The US chip industry starts to wake up to new competitive reality | F…

Concerns that China may be looking to dominate the sector has prompted the US defence department to invest in reshaping it © FT montage

Richard Waters in San Francisco
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The imminent death of Moore’s Law, which describes the main force behind long-running performance improvements in semiconductors, has frequently been predicted.

But according to Bill Chappell, chief microelectronics expert at Darpa, the US defence department’s research arm, the idea “died a decade ago”.

The US chip industry is now starting to face up to an uncomfortable reality. The dependable gains in chip performance that have long underpinned the industry’s growth — and supplied the computing power to open up new tech markets — have been weakening for some time.

Erica Fuchs, a professor of engineering and public policy at Carnegie Mellon University, said this had been apparent since 2004. Speaking at a Darpa conference in San Francisco last week, she pointed out that chip companies had also been struggling with lower returns from their R&D.

“The revenue is not keeping pace with the increasing investment they’re having to put in,” she said.

The 60-year-old US chip industry has sailed through this ominous period with barely a blink. A cyclical boom and the rise of new markets for silicon, from driverless cars to machine learning, have lifted the sector’s sales and led to a doubling of the Philadelphia semiconductor index since the start of 2016. That compares with a 38 per cent gain for the S&P 500.

But the self-confidence of an industry that has been one of the key forces behind US tech leadership is showing signs of cracking.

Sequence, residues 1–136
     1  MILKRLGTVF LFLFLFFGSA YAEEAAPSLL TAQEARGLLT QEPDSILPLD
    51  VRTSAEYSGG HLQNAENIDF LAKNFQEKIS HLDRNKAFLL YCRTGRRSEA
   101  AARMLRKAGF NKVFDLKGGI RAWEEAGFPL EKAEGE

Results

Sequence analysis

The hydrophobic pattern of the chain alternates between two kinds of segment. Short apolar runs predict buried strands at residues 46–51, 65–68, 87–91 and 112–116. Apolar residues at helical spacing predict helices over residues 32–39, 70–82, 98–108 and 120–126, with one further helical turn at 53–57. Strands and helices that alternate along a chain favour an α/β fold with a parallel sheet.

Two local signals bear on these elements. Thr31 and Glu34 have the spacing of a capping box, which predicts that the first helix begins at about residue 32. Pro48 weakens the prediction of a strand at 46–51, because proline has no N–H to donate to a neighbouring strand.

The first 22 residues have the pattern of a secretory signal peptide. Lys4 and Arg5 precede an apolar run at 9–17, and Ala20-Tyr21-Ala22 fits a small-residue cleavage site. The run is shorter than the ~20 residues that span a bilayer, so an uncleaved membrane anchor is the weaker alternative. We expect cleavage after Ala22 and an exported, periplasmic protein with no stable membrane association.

A report from a presidential advisory group issued early last year spelt out the dangers. Along with “fundamental technological limits” that were starting to slow innovation, the industry leaders behind the report warned of “a concerted push by China to remake the market in its favour”, using an industrial policy backed by massive government funding in a way that “threatens the competitiveness of US industry”.

It is against that background that Darpa — best known for research that contributed to breakthroughs such the internet and self-driving cars — last week announced its backing for a set of research projects to help shape the long-term direction of the industry.

The grants, to a wide range of academic and corporate researchers, are part of a $1.5bn push by the agency, its first large-scale involvement in chips in nearly four decades. The intervention is needed because the industry is at an “inflection point” where it needs to shift its sights to longer term forces, said Mr Chappell.

The attention looks long overdue. The industry’s main trade body proposed a $600m budget for long-range research more than a decade ago, said Prof Fuchs. The amount eventually committed: $20m.

The research projects Darpa is backing cover chip architecture, new materials and design, and offer a glimpse of the technologies that could drive growth a decade from now. They also point to potentially significant shifts in the shape of the chip industry as the old certainties of operating under Moore’s Law fall away.

Chart showing how improvements in chip density are becoming more difficult

In the realm of chip architecture, for instance, the industry is facing diminishing returns from general-purpose chips that have been the main workhorses of the digital age, for example Intel’s CPUs. While they can deliver unmatched computing power for the price, they cannot be optimised for particular tasks. The future is more heterogeneous, said Mike Mayberry, head of research at Intel.

One focus of Darpa’s research is new chip architectures that combine both power and flexibility. This includes “software-defined hardware”, or chips that can be reprogrammed on the fly — an extension of today’s field-programmable gate arrays, integrated circuits that can be adjusted after they are manufactured and provide a limited amount of flexibility.